Muay Thai can be brutal, its a tough as nail kind of martial arts where the basics are simple but mastery is a lifelong pursuit. Here the thai’s don’t do it just for fun it is a way of life and probably way more than I can possibly understand as a foreigner. After traveling to see and experience I want to travel to expand who I am, to bridge the gulf between who I am now and who I can be tomorrow.
Muay Thai is about taking the limits I thought I knew and getting beyond. It happens by starting from zero and seeing how far I can push to see just how far I can go and that my friends is an honour and a gift I can’t thank Charn Chi enough for..
This is a guest post by Erin Myers, the first time that I’ve had one, I am humbled and honoured to have her write on my site. Thanks for your contribution to my online home.
Traveling efficiently doesn’t mean taking chunks out of your routine.
Those of us who travel often will have fallen into a sort of routine – we’ve packed our bags so often, we already know what to stuff into our suitcases and where each and every little tidbit goes. We know which buses to take or which roads and exits to drive to the airport to get there in the shortest amount of time possible, and we know which cafes to eat from at the airport. This familiarity is often what we draw comfort from when we travel, but often, it’s this familiarity that also gets in the way of us traveling efficiently.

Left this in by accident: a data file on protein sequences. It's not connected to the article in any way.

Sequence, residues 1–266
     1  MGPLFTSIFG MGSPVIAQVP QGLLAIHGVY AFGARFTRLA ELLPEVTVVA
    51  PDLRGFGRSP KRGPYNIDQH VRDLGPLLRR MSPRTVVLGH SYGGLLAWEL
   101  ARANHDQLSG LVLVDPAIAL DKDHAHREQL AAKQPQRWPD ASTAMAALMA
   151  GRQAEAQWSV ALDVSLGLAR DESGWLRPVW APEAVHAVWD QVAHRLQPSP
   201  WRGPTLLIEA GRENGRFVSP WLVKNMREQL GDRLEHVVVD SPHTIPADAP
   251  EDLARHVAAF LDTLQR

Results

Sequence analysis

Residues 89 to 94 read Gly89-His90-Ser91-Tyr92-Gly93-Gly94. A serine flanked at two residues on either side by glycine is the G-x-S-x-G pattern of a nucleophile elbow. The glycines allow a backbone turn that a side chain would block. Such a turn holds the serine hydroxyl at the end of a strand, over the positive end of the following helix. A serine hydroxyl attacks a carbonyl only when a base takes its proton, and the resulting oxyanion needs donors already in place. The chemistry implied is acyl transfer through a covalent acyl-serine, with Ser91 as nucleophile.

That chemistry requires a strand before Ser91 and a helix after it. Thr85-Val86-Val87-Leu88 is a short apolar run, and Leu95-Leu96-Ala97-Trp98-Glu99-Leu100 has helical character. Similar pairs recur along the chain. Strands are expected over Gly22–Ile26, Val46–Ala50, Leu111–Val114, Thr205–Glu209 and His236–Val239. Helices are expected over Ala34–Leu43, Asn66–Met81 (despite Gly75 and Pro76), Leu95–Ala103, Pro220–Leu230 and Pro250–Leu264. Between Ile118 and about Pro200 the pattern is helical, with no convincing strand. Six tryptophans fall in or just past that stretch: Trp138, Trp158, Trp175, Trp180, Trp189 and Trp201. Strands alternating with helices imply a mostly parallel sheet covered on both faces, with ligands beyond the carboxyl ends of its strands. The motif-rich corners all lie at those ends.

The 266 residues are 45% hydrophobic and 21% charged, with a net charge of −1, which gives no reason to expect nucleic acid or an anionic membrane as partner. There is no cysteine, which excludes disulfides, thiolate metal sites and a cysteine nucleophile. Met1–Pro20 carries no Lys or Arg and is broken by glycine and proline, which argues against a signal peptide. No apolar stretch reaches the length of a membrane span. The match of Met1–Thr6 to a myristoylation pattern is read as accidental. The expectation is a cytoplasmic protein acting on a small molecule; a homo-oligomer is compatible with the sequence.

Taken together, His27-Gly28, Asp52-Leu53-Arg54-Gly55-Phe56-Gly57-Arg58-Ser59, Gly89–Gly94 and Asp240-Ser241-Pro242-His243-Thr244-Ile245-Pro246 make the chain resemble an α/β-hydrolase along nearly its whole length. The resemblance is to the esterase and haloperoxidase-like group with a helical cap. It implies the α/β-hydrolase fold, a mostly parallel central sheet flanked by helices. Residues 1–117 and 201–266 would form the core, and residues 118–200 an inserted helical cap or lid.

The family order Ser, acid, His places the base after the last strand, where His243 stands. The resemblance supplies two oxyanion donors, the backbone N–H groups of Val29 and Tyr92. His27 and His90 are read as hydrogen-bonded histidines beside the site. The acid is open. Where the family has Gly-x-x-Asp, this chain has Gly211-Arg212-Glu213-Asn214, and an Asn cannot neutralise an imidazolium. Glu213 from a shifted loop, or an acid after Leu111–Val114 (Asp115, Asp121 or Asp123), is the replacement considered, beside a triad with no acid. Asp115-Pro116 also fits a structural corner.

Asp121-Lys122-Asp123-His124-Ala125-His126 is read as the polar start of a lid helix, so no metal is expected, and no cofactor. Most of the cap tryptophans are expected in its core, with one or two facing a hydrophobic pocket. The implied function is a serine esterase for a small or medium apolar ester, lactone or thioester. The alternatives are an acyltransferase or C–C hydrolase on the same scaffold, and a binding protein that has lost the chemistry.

Efficient traveling doesn’t mean just cutting back on the amount of time we spend getting to and from each destination, or cutting corners on cheaper flights. Here are some small changes you can make to your routine, to make everything from packing your bags to getting to your flight on time more efficient:
1. Pack Like a Flight Attendant
Your favorite way of packing might not be the most efficient. If you’re still folding your clothes instead of rolling them and tucking them into a suitcase, then you need to make some changes. Heather Poole, a flight attendant who’s probably packed more bags than any of us could ever imagine, has been featured on the New York Times for her guide to efficient packing. The secret? First, roll your clothes and set them aside. Put your shoes in, and then start packing the rolled items into your suitcase, from heaviest to lightest. This makes it easier to close your suitcase and compress the items together.